Those who want more space go for the 40-foot containers that offer 320 square feet.  

People are more likely to go for 20-foot containers and stack them with multiple containers to create a larger living space. 

This is a good option as the containers are easier to haul to a location than the other sizes.  

50-foot container homes aren’t as common because it’s a challenge to haul a container of this size through city areas and windy roads.  

Some of the creative ways people have used shipping containers have been by using them as bedrooms, turning a container into a swimming pool, using it as a green house, or even making it into a gym.  Yes, a gym.  

There are many who would love to have there own at home gym.  Why not make a 20-foot container into a gym?  

The container doesn’t need to be connected to a home.  You can have a full work out gym, with free weights, benches, treadmills, bikes, whatever you need or want on your property.

Another method is to use a 20-foot container (or any choice of container size) and have part of it cut out so that it’s ventilated properly. 

There can be a roof over hanging to allow shade from the hot sun and protection from the rain.   You can decide what works for you.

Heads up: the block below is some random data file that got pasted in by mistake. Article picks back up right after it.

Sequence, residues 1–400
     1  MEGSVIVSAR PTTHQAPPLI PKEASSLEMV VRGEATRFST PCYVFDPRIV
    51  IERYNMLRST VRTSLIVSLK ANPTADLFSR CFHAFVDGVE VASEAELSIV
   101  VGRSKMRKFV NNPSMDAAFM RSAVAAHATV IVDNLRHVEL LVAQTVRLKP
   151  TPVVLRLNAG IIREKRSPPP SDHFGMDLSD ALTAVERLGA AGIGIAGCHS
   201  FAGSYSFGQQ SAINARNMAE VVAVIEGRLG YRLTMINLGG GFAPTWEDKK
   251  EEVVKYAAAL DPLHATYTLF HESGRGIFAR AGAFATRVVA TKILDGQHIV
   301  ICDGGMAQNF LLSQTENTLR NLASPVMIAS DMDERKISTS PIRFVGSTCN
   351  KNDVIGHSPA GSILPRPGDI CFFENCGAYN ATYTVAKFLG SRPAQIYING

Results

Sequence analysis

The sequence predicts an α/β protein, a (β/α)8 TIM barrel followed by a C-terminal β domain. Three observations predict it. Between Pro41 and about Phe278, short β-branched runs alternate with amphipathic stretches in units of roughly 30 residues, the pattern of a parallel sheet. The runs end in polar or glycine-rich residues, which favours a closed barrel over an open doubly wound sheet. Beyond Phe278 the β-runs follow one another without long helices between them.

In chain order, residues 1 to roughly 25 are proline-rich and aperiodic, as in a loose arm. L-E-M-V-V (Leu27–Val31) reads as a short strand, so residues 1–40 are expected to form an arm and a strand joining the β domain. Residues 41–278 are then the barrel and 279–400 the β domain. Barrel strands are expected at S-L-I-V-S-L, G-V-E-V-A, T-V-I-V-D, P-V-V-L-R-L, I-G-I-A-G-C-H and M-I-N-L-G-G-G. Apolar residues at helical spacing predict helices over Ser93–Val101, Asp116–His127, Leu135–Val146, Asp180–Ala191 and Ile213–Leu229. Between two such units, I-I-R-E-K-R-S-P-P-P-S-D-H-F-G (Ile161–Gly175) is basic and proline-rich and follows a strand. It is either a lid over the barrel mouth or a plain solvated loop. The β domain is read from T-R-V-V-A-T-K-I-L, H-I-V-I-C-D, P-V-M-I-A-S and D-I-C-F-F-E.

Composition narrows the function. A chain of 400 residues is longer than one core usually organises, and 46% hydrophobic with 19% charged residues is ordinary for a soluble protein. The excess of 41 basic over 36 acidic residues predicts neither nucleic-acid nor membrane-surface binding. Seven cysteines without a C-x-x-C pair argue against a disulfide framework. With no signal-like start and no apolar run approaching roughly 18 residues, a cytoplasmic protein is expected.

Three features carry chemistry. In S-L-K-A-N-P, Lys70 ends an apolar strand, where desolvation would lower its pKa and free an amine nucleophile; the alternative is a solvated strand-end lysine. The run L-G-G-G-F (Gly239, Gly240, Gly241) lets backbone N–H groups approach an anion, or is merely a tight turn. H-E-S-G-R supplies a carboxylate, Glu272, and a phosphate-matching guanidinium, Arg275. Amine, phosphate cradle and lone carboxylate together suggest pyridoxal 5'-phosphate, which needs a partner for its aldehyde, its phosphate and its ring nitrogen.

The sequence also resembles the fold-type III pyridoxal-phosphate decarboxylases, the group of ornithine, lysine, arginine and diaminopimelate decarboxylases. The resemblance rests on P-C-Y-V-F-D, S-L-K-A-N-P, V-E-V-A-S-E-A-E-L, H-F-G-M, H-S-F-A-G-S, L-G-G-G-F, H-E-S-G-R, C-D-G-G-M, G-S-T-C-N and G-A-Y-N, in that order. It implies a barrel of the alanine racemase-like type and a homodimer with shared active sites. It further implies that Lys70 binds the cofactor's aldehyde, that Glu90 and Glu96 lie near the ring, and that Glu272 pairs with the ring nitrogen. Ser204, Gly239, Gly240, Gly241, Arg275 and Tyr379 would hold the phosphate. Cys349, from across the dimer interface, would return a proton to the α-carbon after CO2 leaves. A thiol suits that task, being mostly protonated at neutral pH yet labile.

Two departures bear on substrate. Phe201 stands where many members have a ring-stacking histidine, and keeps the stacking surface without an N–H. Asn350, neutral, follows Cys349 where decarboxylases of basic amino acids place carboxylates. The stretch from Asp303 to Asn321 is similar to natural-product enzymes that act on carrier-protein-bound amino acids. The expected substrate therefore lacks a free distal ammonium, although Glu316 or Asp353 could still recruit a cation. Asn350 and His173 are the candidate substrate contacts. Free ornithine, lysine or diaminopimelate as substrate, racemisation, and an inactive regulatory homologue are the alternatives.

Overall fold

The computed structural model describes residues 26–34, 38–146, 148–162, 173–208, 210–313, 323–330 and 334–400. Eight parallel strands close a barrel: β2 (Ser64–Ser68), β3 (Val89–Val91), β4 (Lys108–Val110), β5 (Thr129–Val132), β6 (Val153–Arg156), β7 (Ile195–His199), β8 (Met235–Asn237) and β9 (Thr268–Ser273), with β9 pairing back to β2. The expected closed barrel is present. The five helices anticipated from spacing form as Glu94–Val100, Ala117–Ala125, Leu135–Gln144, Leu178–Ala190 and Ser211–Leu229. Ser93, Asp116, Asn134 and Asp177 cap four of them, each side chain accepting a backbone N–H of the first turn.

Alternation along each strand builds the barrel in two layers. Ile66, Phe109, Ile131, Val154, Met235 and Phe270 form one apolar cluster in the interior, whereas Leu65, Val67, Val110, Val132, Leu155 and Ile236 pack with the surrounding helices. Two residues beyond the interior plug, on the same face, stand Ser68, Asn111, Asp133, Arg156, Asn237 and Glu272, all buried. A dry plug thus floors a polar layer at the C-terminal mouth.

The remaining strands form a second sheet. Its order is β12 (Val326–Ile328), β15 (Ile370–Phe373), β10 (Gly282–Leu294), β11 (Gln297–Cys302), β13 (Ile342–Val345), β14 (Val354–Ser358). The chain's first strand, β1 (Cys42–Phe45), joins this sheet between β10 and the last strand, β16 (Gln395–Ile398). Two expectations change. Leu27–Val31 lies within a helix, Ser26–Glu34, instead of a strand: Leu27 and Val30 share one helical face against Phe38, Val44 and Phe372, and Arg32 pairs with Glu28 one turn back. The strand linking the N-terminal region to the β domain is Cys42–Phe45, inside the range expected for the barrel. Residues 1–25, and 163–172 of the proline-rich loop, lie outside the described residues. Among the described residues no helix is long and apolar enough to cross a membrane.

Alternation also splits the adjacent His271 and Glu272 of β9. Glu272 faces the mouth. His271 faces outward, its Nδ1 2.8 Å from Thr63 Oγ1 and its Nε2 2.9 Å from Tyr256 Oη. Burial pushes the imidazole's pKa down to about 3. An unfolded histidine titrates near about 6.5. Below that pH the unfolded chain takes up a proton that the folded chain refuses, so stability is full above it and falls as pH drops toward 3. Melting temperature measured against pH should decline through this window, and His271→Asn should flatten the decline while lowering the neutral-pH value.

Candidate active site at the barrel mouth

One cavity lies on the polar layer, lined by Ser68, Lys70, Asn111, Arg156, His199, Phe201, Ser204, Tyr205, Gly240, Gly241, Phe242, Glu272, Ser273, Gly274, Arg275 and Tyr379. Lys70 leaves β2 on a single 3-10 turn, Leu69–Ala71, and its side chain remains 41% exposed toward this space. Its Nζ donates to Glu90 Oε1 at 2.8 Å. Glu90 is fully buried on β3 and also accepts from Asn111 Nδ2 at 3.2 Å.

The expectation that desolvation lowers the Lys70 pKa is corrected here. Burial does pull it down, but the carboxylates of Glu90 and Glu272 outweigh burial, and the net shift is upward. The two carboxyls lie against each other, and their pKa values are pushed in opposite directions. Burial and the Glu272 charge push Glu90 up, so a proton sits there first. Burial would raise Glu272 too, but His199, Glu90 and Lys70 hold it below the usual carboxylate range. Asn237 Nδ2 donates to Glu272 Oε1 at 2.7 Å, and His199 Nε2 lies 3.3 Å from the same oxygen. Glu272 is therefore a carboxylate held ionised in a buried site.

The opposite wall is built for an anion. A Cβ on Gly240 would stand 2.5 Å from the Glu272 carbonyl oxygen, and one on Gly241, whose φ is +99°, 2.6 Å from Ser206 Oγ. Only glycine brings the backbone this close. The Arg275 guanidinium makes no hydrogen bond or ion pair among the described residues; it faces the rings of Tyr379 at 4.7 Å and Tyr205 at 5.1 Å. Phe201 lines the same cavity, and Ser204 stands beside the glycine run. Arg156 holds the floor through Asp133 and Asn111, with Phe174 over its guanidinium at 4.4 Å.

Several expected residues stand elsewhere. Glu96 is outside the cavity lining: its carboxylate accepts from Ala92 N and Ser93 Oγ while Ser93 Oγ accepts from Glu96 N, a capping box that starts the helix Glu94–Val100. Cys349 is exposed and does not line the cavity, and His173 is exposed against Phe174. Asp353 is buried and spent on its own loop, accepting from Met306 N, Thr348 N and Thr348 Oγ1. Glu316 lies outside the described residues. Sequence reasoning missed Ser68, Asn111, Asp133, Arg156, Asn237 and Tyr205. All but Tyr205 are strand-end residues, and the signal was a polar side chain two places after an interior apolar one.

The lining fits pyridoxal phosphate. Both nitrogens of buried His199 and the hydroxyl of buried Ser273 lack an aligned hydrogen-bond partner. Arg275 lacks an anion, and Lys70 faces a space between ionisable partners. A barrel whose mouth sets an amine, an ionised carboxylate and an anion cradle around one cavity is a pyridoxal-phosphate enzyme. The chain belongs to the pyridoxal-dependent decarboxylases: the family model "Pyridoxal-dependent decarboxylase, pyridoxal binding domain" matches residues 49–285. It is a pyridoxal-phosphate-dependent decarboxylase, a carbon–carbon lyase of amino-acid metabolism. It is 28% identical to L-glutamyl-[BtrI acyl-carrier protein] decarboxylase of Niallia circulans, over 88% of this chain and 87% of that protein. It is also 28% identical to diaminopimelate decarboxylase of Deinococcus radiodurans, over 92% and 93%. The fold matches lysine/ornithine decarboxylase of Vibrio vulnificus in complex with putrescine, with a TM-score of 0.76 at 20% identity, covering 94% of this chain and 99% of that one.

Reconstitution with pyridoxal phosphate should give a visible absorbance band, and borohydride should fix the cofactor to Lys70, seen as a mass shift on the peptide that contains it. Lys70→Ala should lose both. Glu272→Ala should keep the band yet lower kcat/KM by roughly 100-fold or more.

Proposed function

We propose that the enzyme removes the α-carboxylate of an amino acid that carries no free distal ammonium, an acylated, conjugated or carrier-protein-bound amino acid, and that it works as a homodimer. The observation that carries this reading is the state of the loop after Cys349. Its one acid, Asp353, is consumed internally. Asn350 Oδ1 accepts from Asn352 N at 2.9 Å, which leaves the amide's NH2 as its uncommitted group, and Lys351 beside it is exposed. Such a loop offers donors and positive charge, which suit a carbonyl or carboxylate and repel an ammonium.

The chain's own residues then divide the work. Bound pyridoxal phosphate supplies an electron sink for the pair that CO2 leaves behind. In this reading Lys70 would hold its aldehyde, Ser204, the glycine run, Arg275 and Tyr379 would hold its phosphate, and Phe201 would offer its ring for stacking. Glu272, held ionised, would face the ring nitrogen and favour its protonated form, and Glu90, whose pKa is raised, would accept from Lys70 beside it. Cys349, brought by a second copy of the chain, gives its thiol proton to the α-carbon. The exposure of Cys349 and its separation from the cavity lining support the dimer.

A gym needs to be durable and a container home is just that, durable and heavy duty.  It’s the perfect place to invite friends to work out who prefer privacy and less crowds!

Again, if someone desires to have more space for a gym, just like their home, they can purchase and modify as many containers as necessary.  

What is The Cost to Make a Container Home Gym?

This will depend on what size container a person chooses and what types of machines and weights will be put into the container.  If a person was a power lifter or cross fitter, they may want more squat racks, free weights and rubber mats to keep the weights from getting damaged.  

Typically, a gym should have free weights, racks to hold the free weights, a few machines for cardio and some muscle exercises and mirrors to observe self and correct form if needed.  

Cost for Equipment

Free weights can cost a lot unless you got a package deal.  Here’s an example of free weight prices.  A rack of dumbbell weights can range from $200 upwards of $1,500.  The weights range in weight from 1-pound to 130-pound weights on the rack.  

Here are some of the popular cardio machines people consider for their gyms and the prices for each.

*Treadmill: $200-$12,000

*Elliptical: $100-$5,000 

*Spin Bike: $85-$3,300

*Row Machine:  $80-$2,000

*Skierg: $200-$900

*Stair Mill: $95-$7,700

*Airdynes:  $90-$1,200

*Jacobs Ladder: $3,000-$4,500

*Arch Trainer: $1000-$4000

*Recumbent Bike: $140-$6,500

Resistant machines popular in a gym and the prices for each.

*Leg press: $500-$3,500

*Lat Pull-Down Bar: $150-$6,400

*Cable Pulley Machines: $150-$5,300

*Chess Press: $200-$14,000

So now the question is. . . is a container home gym for you?